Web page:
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Consumer Response to Controversial Food Technologies and Price: A Neuroeconomic Analysis


  • McFadden, Brandon R.
  • Lusk, Jayson L.
  • Crespi, John M.
  • Cherry, J. Bradley C.
  • Martin, Laura E.
  • Bruce, Amanda S.


With new food technologies such as cloning or added artificial growth hormones, consumers face complex and conflicting information related to the quality, safety, nutrition, and ethical outcomes associated with food choices. Economics has partially addressed the challenge of predicting people’s choices and willingness-to-pay for new food technologies by using experimental methods, but thus far has offered little to explain why choices are made. The emerging field of neuroeconomics, which integrates the findings of economics, psychology, and neuroscience, can provide unique insights into consumer preferences. The purpose of this research is to enhance understanding of consumers’ preferences for new food technologies by capitalizing on recent developments in economics and neuroscience. Specifically, this research seeks to determine how the human brain responds to the controversial newer food technologies as compared to standard, “rational” food attributes such as product price.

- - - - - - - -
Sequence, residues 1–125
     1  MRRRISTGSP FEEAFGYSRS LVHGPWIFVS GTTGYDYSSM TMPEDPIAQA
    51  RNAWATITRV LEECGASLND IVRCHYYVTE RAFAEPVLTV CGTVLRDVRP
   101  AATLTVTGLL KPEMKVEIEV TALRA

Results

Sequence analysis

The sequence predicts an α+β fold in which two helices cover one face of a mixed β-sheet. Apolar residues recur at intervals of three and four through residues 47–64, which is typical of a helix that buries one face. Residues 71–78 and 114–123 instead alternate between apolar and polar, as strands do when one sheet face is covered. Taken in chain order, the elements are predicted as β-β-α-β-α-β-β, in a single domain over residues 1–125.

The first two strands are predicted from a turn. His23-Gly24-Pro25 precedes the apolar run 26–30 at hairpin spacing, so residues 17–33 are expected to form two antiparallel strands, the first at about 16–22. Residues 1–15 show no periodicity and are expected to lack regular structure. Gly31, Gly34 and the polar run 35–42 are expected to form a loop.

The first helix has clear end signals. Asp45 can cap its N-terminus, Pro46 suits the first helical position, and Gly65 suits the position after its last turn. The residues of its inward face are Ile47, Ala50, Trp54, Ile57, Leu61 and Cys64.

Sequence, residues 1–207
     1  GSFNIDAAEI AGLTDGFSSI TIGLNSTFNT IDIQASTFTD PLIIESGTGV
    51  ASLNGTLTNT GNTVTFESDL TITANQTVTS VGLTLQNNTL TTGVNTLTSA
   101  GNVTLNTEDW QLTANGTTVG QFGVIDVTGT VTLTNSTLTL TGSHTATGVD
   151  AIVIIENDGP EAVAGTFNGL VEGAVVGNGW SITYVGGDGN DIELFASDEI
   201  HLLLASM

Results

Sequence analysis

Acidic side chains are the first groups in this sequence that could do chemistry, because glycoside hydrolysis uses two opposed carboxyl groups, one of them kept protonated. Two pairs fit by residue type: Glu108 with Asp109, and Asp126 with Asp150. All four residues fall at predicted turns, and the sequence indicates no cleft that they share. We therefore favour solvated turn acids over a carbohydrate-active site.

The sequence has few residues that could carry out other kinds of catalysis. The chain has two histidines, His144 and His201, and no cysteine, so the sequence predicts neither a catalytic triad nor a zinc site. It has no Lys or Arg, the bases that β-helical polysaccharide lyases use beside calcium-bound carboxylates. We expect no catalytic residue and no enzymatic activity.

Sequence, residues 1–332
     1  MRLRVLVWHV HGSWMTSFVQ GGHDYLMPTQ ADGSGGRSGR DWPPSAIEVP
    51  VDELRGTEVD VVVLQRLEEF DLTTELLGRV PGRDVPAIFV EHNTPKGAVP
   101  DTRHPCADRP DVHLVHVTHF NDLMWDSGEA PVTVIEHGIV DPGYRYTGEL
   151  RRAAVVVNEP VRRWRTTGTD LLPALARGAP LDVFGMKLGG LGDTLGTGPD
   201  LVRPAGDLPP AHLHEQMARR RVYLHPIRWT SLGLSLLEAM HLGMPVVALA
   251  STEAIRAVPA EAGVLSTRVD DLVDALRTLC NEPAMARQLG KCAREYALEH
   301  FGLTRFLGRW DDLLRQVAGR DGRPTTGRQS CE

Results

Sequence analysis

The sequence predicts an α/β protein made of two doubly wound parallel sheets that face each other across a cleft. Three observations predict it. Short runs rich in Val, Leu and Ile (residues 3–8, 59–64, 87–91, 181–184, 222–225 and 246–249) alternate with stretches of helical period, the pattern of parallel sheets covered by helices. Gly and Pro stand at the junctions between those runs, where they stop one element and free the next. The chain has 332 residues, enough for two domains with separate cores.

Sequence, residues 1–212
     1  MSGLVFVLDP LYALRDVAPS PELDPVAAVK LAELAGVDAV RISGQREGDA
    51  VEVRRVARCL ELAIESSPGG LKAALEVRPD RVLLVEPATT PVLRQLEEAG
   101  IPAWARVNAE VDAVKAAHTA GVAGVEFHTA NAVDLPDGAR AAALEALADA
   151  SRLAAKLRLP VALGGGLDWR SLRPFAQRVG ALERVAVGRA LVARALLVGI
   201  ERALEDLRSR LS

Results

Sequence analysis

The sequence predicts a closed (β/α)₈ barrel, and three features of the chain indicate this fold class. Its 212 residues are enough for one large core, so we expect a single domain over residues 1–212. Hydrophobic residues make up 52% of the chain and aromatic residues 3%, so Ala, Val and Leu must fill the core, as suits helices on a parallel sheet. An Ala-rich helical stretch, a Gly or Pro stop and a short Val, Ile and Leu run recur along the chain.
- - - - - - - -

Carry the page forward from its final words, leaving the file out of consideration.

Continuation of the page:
Suggested Citation

  • McFadden, Brandon R. & Lusk, Jayson L. & Crespi, John M. & Cherry, J. Bradley C. & Martin, Laura E. & Bruce, Amanda S., 2012. "Consumer Response to Controversial Food Technologies and Price: A Neuroeconomic Analysis," 2012 Annual Meeting, August 12-14, 2012, Seattle, Washington 124071, Agricultural and Applied Economics Association.
  • Handle: RePEc:ags:aaea12:124071

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    References listed on IDEAS

    1. Louviere,Jordan J. & Hensher,David A. & Swait,Joffre D. With contributions by-Name:Adamowicz,Wiktor, 2000. "Stated Choice Methods," Cambridge Books, Cambridge University Press, number 9780521788304, March.
    2. Paarlberg, Robert, 2010. "Food Politics: What Everyone Needs to Know," OUP Catalogue, Oxford University Press, number 9780195389593, June.
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